Lady Gaga. | Gotham/GC Images
After Katy Perry lost an alarming copyright case, another found its way to Lady Gaga’s doorstep.
There’s a really simple answer as to why Grammy- and Oscar-winning artist Lady Gaga could end up paying millions for allegedly stealing her award-winning A Star Is Born hit “Shallow.” And it’s that singer-songwriter Steve Ronsen, the obscure artist threatening to take her to court, could win his case.
On August 8, Page Six reported that Ronsen has accused the singer of stealing a three-note progression from his 2012 song “Almost” for “Shallow,” which won the Academy Award for Best Original Song earlier this year. Gaga wrote the song with Andrew Wyatt, Anthony Rossomando, and Mark Ronson and performed it with Bradley Cooper during the film.
Not credited is Steve Ronsen, who now wants “millions and millions” of dollars for what he calls Gaga’s copyright foul.
“It was brought to my attention by many people that the ‘Shallow’ song sounds like mine. I did not seek this out, I haven’t even seen the movie,” Ronsen said in a statement about the case. “I admire Lady Gaga and I just want to get to the bottom of this.”
At the time, Ronsen’s track had fewer than 300 plays on his SoundCloud. Thanks to the press from the lawsuit, it now has more than 260,000.
Ronsen has not filed a lawsuit against Lady Gaga; the legal settlement remains a threat.
Although the songs may share a similar set of chords, at least one music theorist says that isn’t enough to prove copyright infringement. Charlie Harding, co-host of the Vox podcast Switched on Pop, told us he thinks the legal threat is hoping to take advantage of a jury that isn’t aware of how music is made.
“It ought to be easy to prove that the songwriter of ‘Shallow” never heard ‘Almost,’ given the prosecuting song’s almost nonexistent distribution,” Harding said. “Despite the musical similarity, the allegedly stolen material isn’t used as a hook or main theme in the song. But what’s most remarkable about this case is that there is nothing remarkable at all about either of these melodies. Both use the most elementary sequence of notes that a young musician learns: Do-Re-Mi.”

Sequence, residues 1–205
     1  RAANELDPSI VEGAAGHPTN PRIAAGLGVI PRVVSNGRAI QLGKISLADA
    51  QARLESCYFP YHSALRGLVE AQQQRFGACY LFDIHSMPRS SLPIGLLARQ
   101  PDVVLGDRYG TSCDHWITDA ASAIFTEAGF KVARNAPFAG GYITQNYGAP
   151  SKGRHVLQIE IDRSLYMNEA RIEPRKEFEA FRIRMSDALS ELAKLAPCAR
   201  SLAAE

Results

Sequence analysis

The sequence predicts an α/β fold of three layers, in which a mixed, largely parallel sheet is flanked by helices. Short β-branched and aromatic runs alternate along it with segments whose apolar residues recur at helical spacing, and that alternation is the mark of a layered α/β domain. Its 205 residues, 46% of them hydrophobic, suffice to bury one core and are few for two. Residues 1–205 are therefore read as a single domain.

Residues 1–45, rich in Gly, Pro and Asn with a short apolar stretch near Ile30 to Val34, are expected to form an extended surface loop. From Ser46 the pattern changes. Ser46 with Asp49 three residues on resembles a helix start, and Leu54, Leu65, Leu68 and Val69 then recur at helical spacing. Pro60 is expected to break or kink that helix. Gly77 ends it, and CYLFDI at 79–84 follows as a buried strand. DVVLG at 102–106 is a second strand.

Gaga’s lawyer Orin Snyder also said that the specific chord progression found in “Shallow” and “Almost” is also found in other well-known songs, like “Dust in the Wind” by Kansas.
“Mr. Ronsen and his lawyer are trying to make easy money off the back of a successful artist. It is shameful and wrong,” Snyder said in a statement to the Today show. “I applaud Lady Gaga for having the courage and integrity to stand up on behalf of successful artists who find themselves on the receiving end of such [claims]. Should Mr. Shirian [Ronsen’s lawyer] proceed with this case, Lady Gaga will fight it vigorously and will prevail.”
Trying to copyright a chord progression or beat is like trying to copyright basic sentence structures; so many songs share the same ones. The Axis of Awesome, an Australian musical comedy band, showed how a specific four-chord progression is part of myriad pop songs in a popular video from 2011:
While Gaga has numerous examples of pop music with matching chord progressions to point to in her defense, the one thing that should worry her and her team is a recent $2.78 million ruling against fellow pop star Katy Perry last month, which suggests that it may be easier to target big-name musicians for similar instrumentals and other details than theorists thought possible.
On July 30, a federal jury in Los Angeles ruled that Perry and her collaborators had copied a 2009 Christian rap song called “Joyful Noise” by the artist Marcus Gray, a.k.a. Flame, for her song “Dark Horse.” Gray wrote the song with two other writers, Emanuel Lambert and Chike Ojukwu.
Music theorists and experts believed that the case didn’t have much to stand on as it wasn’t thought that a descending minor scale and a basic rhythm of a song could be copyrighted. The songs were in different keys and had different BPMs (beats per minute) and the melodies didn’t even have the same notes.
“They’re trying to own basic building blocks of music, the alphabet of music that should be available to everyone,” Perry’s lawyer Christine Lepera said during closing arguments, according to the Associated Press.
Yet that wasn’t enough to convince a jury, and Perry and her collaborators were penalized $2.78 million. That’s just a drop in the bucket for Perry and her team, but the effect the verdict could have on the music industry going forward already seems to be emerging.